Matt Anthony, VP of Remediation Security Services at Herjavec Group shares his views on managing risk. Prior to joining Herjavec Group, Matt held numerous leadership positions focused in enterprise security programs, most recently at Alberta Health Services, a $14 billion, 115,000 seat enterprise.
Matt has been at the forefront of the information security practice for many years, building and implementing effective programs to govern and manage risk. He has developed and operated Security Operations Centres, led security incident response practices, created policy and governance frameworks, and implemented and operated digital investigation teams. Matt believes strongly in positioning information security as an enabler of business by promoting an architectural and risk-based approach to program development and management.
There is only one reason to implement a control, and that is to manage risk.
To fully understand the impact of control you have to be able to measure and evaluate risk. As information security leaders you will invest money on behalf of your business to improve its security architecture. But how do you truly know your risk is being managed?
Effective use of risk management in information security has two benefits.
First, it will allow you to make reasonable decisions about IT security investments and drive acceptance of new controls, which we can classify as risk management treatments. This will help position information security as a business enabler, and not solely as a cost centre.
Second, it ensures that fundamental risk management decisions are not withheld from business leaders and – puts risk accountability where it belongs. One of the things we often observe is that CISOs or their staff know about problems – risks – but don’t report them. Or they report them in a way that doesn’t promote decision making (complaining about funding is not risk management or risk reporting).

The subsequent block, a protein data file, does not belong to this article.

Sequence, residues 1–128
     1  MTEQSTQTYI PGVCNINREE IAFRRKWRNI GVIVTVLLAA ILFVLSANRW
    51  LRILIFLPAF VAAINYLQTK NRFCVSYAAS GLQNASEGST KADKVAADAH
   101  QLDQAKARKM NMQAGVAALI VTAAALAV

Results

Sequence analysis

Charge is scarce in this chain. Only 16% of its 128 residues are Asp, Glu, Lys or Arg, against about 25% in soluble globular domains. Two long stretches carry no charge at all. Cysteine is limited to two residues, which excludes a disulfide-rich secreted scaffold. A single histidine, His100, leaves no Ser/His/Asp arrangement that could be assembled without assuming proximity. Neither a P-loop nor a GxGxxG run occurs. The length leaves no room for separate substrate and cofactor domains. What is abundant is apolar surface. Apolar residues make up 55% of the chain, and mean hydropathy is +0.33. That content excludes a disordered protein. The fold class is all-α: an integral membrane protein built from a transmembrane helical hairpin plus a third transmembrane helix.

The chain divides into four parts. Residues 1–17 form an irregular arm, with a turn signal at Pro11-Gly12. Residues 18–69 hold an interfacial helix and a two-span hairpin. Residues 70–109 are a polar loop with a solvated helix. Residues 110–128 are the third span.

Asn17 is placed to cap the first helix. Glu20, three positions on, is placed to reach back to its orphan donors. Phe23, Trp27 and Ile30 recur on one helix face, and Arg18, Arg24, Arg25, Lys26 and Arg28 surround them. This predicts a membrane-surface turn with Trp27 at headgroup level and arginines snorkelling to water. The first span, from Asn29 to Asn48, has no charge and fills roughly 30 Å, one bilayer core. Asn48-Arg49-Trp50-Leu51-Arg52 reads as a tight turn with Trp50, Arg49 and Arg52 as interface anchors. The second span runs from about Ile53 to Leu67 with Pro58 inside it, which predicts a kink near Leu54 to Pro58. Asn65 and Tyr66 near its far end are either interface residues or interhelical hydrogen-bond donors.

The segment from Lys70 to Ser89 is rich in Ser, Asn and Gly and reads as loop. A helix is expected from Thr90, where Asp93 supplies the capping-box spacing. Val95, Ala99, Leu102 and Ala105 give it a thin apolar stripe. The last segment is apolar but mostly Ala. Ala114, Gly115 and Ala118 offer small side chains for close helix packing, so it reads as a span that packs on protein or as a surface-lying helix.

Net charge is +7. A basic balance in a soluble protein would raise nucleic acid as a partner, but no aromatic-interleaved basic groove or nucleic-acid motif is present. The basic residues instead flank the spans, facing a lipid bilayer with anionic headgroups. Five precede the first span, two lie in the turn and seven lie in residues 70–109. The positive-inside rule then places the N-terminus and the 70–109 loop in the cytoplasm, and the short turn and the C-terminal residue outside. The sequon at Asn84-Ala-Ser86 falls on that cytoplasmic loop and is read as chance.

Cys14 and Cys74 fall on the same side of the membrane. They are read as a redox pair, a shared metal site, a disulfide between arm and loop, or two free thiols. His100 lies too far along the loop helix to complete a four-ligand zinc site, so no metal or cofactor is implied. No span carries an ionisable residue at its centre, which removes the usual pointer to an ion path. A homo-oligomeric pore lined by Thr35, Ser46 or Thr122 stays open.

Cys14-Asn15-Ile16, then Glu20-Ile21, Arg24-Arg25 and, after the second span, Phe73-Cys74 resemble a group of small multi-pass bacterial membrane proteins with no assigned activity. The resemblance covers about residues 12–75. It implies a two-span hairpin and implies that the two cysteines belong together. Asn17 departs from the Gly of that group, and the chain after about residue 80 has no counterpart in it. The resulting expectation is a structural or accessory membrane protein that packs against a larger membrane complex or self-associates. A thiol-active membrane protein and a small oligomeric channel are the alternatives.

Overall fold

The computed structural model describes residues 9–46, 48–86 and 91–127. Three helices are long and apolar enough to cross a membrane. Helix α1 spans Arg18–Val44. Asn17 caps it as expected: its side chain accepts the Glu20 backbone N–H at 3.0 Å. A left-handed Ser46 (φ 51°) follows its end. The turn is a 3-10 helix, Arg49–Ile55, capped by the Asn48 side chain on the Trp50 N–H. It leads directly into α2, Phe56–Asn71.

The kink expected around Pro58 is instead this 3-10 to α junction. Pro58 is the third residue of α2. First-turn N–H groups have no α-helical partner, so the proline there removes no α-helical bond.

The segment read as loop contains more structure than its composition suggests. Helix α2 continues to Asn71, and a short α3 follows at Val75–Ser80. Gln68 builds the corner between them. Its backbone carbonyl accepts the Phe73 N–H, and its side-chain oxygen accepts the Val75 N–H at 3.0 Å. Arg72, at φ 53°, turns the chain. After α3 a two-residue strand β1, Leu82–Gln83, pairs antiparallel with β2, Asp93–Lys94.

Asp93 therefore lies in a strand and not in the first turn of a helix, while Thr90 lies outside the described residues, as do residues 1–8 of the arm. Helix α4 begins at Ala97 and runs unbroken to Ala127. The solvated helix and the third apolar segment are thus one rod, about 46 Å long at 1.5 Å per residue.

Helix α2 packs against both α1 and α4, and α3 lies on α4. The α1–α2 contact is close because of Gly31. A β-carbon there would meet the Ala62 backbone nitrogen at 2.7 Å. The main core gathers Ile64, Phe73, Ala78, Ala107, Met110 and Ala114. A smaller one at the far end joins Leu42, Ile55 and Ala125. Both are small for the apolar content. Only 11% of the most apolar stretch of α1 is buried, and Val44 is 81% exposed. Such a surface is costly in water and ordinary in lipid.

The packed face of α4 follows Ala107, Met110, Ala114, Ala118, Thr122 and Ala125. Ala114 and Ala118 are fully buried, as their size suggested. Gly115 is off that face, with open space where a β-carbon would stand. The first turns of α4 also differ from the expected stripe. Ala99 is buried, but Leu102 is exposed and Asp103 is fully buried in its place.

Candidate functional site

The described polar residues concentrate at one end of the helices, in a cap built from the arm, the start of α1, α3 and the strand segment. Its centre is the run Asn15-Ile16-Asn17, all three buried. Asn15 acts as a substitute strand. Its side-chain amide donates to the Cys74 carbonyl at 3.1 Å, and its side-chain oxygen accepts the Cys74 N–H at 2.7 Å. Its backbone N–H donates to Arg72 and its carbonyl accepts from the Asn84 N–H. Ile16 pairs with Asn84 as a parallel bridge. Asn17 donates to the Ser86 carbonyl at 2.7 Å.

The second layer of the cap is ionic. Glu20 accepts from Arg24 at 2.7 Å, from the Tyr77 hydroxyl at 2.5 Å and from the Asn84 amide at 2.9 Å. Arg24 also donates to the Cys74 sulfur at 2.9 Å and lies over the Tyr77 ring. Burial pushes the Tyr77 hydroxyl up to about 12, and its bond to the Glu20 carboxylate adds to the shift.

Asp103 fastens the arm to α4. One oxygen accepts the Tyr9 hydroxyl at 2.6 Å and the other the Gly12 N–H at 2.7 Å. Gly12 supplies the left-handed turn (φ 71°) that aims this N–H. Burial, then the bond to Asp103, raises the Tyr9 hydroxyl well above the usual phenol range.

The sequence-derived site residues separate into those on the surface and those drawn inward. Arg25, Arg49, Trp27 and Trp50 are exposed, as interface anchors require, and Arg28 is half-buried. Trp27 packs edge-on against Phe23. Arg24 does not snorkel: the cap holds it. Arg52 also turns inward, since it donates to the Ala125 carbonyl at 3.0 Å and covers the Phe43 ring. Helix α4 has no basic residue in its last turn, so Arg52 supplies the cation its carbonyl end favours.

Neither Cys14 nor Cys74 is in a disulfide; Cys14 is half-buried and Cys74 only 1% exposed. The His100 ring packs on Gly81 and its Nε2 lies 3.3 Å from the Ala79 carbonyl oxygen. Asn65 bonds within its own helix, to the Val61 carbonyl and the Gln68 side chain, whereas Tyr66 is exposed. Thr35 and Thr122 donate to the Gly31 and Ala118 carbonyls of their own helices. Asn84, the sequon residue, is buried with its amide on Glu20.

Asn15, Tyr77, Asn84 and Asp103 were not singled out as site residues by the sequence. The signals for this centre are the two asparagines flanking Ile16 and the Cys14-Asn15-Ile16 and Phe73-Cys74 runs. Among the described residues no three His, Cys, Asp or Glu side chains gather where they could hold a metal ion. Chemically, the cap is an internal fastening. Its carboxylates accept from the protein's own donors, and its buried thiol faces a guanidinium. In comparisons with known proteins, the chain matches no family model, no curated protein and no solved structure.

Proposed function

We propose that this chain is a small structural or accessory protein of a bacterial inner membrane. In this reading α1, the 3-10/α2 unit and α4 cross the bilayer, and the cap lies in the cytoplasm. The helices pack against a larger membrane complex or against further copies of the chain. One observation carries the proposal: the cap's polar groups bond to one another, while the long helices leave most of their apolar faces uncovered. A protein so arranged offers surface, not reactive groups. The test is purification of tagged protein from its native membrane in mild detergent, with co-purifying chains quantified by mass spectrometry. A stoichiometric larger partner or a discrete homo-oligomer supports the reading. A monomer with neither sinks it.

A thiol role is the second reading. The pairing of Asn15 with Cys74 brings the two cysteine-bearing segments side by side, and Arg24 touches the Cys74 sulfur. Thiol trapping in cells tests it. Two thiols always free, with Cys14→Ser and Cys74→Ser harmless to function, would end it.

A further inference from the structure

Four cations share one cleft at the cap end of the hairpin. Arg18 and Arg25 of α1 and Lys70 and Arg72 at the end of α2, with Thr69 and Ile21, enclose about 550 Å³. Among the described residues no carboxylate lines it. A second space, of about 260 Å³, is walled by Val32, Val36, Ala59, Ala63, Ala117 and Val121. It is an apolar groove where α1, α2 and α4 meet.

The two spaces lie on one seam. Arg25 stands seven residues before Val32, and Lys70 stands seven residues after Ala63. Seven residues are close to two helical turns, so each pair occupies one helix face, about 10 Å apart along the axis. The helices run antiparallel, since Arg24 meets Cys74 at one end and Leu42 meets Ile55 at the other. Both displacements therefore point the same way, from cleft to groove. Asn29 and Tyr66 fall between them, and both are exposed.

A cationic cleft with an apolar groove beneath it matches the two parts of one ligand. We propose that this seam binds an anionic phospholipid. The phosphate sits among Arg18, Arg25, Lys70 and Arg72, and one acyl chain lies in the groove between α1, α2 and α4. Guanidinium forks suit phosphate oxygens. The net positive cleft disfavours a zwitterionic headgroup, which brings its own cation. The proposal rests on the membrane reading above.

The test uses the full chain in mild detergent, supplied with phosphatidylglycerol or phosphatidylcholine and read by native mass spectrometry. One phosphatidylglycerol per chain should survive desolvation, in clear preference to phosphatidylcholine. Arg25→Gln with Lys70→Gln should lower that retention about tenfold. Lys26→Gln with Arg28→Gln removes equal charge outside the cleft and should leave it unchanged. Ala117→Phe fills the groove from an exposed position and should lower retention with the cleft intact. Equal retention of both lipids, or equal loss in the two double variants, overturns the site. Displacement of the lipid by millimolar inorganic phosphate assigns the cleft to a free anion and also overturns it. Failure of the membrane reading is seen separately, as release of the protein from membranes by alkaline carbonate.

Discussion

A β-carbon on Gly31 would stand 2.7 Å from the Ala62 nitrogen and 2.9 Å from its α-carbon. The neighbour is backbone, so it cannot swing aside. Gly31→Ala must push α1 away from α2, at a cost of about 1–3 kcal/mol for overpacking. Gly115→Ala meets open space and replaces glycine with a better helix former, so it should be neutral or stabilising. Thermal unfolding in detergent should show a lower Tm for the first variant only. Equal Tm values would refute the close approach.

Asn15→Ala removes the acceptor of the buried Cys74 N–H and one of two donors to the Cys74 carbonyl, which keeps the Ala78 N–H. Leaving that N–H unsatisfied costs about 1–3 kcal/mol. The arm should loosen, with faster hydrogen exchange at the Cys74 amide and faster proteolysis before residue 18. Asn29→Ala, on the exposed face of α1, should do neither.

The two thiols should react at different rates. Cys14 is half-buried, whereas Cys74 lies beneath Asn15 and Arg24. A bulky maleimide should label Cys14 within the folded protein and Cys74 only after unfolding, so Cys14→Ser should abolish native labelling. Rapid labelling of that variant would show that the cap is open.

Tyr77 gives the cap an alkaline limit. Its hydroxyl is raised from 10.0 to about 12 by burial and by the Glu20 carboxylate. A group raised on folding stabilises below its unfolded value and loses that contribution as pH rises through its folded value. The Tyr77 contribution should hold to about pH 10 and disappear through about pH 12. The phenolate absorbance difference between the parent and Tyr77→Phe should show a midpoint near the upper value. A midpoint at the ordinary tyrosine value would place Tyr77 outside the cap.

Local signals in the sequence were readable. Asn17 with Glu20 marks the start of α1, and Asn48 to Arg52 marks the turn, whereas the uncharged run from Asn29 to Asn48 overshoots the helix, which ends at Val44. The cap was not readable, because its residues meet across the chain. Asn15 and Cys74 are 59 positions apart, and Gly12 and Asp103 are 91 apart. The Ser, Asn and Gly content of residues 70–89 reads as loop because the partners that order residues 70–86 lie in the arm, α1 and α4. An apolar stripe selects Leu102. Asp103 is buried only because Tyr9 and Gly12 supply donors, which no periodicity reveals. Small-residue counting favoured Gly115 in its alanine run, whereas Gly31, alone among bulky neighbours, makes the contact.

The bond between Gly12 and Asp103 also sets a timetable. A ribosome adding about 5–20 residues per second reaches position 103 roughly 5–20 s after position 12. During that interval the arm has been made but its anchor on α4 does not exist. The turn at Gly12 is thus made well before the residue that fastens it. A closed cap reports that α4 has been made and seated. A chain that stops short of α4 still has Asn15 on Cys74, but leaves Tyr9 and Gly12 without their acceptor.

Consider the impact of a risk that you knew about, but hadn’t reported, becoming a major incident. Who is accountable?
Risk represents the likelihood of a threat and a vulnerability meeting. If you implement a control – a new network access control system for example – you have made a decision that the vulnerability has a credible threat and that the cost of the risk coming to bear as a security incident will likely have a higher cost than the control you’re implementing. Very often, information security leaders face pressure to implement controls without properly evaluating their risk management decisions.
Measuring the cost, which can be financial, reputational, or regulatory, can be difficult. Measuring the cost of the control over time, and its impact on business efficiency can also be extremely challenging. If leading an information security portfolio was easy, anyone could do it. You’re here to do the difficult.
We believe every information security leader should:
- Use a framework for reporting and managing risk, and understand where in the organization risk management decisions can be made.
- Use consistent and standard language and classifications.
- Integrate with the Enterprise Risk Management frameworks if they exist.
- Inventory and classify your assets – know the value of the information you’re protecting.
- Test and evaluate the vulnerabilities you have – you can’t effectively manage risk if you don’t know your vulnerabilities.
- Research and evaluate the threats and threat agents.
- Examine your existing controls and risk treatments.
- Calculate or estimate the risk.
- Within the risk management framework, determine the correct risk treatment (accept, avoid, mitigate or transfer)
- Choose the risk treatment that is the most effective and matches your company’s risk appetite. Be mindful of the total cost, including the wider impact on the business.
- Ensure that any risk management, like a new technology control, is effective at reducing risk.
While it’s challenging to fully explain the scope of Information Security Risk in a single post, many books have been written on the subject. We recommend IT Risk by George Westerman and Richard Hunter.
Herjavec Group can help your business develop a complete risk management framework. For more information on Herjavec Group’s vulnerability assessment and consulting practices please contact us.
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